October 29, 2021
As issues related to the COVID-19 pandemic in India have begun to subside and regulations have been lifted, Indian companies have started working actively to help their employees return to the workplace. With 84% of Indian employees ready to return to office, HR Policy in India has provided some thoughts for businesses to consider.
Hybrid work model is preferred by employees: Recent surveys indicate that like in the U.S., the majority of employees in India are willing to return to the office but prefer a hybrid work environment. "The return to office is being straddled with the need to balance employee safety, identifying jobs needing collaboration and office infrastructure and finding ways to address burnout," said Mansee Singhal, rewards consulting leader at Mercer India.
The importance of a hybrid working environment is also a key consideration in acquiring and retaining female talent. Companies that fail to provide flexible working options are finding it difficult to retain female employees, as 77% of women left work in India due to a lack of flexibility at work, according to a survey by Avtar Group.
HR tech to help with back-to-office transition: HR technology is playing a key role in back-to-office transitions to prioritize the health and safety of employees. For instance, shift scheduling software is being used to maintain social distancing by having employees go into the office on different days. HR leaders in India are also using technology to collect data such as contact tracing and test results to monitor employee health and allow employees to inform the company when they want to return to office.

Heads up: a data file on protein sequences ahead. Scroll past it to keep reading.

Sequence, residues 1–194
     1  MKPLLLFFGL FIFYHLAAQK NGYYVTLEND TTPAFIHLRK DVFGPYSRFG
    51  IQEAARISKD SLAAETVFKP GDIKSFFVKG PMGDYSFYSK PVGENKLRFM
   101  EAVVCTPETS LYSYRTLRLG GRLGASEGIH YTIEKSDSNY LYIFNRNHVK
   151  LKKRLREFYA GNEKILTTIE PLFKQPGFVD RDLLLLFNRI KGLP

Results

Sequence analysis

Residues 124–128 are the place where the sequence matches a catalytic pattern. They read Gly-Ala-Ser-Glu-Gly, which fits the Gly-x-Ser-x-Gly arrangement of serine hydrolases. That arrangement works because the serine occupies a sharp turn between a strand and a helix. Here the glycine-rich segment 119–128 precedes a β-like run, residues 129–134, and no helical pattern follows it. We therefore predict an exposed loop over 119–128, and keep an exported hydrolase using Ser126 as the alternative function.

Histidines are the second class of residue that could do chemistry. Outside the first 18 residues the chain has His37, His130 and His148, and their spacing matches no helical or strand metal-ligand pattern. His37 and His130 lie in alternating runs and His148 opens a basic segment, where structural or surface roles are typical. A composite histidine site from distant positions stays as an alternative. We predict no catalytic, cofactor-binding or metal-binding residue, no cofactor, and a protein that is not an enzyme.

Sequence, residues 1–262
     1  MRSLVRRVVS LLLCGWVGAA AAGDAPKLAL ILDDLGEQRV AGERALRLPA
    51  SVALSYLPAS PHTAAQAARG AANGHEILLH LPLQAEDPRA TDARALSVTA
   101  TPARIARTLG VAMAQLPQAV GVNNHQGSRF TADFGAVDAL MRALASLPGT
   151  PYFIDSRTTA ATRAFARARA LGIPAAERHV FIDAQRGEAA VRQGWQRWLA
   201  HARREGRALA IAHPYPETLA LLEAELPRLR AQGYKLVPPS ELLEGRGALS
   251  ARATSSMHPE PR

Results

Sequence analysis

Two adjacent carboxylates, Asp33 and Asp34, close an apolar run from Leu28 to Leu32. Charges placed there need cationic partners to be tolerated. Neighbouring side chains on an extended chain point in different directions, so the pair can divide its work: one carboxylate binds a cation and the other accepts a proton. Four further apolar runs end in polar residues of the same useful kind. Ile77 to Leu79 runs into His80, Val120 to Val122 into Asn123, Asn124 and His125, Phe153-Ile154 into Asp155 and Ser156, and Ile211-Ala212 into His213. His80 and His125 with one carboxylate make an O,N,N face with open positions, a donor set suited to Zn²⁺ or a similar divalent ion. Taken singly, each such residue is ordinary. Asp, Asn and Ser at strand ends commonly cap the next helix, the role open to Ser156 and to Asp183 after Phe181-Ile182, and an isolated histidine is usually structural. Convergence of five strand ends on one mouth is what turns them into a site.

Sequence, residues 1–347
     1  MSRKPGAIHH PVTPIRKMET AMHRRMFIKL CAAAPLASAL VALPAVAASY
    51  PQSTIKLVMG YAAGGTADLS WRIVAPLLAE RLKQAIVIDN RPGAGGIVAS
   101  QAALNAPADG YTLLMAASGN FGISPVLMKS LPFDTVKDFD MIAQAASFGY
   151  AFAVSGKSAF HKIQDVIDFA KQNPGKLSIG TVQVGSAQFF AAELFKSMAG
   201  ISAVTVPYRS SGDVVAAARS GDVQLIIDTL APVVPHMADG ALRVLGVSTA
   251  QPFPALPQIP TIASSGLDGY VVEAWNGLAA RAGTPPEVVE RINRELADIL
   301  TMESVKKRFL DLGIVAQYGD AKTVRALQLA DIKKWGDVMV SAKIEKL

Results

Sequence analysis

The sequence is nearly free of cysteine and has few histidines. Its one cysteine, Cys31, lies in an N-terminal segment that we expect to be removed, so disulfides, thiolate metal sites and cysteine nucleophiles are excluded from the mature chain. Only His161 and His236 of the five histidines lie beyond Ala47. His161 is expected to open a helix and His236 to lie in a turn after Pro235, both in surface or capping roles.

Migrant workforce unlikely to return to office: According to Adecco and Quess Corp, it has been challenging for migrant employees from small cities to return to the office as they are unable to find short-term living options in the cities where they worked pre-pandemic. Many large businesses have extended their operations to Tier 2 and 3 cities due to growing local talent and lower operational costs.
Workplace burnout and mental health: A recent LinkedIn survey found that 55% of the country's employed professionals were feeling stressed. Indian employers are now pushing for mental well-being initiatives for employees, as they feel that the pandemic blurred the lines between work and personal life which has led to increased stress levels. "Organizations are rethinking their entire work models, culture and values, while employees are thinking about not just how they work, but why they work. At this time, we encourage companies to explore stronger flexible offerings and more mental health time off, as professionals seek greater balance and more fulfillment in their lives," said Ashutosh Gupta, India Country Manager, LinkedIn.